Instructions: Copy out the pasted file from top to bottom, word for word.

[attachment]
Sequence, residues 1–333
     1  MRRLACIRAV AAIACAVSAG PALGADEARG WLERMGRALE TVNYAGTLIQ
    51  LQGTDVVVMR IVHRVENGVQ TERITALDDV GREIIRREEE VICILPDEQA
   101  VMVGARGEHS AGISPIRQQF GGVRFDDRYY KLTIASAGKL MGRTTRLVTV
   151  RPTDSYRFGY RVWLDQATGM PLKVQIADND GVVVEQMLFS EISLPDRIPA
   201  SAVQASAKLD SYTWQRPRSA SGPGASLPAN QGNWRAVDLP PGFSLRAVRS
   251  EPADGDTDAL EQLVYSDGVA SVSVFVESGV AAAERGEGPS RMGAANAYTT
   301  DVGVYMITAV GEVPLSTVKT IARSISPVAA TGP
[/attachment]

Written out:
Sequence, residues 1–333
     1  MRRLACIRAV AAIACAVSAG PALGADEARG WLERMGRALE TVNYAGTLIQ
    51  LQGTDVVVMR IVHRVENGVQ TERITALDDV GREIIRREEE VICILPDEQA
   101  VMVGARGEHS AGISPIRQQF GGVRFDDRYY KLTIASAGKL MGRTTRLVTV
   151  RPTDSYRFGY RVWLDQATGM PLKVQIADND GVVVEQMLFS EISLPDRIPA
   201  SAVQASAKLD SYTWQRPRSA SGPGASLPAN QGNWRAVDLP PGFSLRAVRS
   251  EPADGDTDAL EQLVYSDGVA SVSVFVESGV AAAERGEGPS RMGAANAYTT
   301  DVGVYMITAV GEVPLSTVKT IARSISPVAA TGP